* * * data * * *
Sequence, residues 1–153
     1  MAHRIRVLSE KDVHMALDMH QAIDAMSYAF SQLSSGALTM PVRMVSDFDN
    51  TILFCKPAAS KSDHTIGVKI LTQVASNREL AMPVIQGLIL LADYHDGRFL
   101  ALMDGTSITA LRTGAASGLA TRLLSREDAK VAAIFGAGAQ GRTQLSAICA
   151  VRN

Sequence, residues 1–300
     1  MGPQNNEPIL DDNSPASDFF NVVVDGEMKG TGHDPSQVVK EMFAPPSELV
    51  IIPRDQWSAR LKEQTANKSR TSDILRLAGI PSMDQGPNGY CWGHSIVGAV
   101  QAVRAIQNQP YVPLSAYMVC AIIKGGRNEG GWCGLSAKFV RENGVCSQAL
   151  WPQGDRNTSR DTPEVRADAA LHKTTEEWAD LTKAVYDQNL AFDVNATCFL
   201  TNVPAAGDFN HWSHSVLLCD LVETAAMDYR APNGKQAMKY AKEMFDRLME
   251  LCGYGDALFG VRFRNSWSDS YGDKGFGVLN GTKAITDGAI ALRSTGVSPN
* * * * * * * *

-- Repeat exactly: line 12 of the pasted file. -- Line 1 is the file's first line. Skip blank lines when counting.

   251  LCGYGDALFG VRFRNSWSDS YGDKGFGVLN GTKAITDGAI ALRSTGVSPN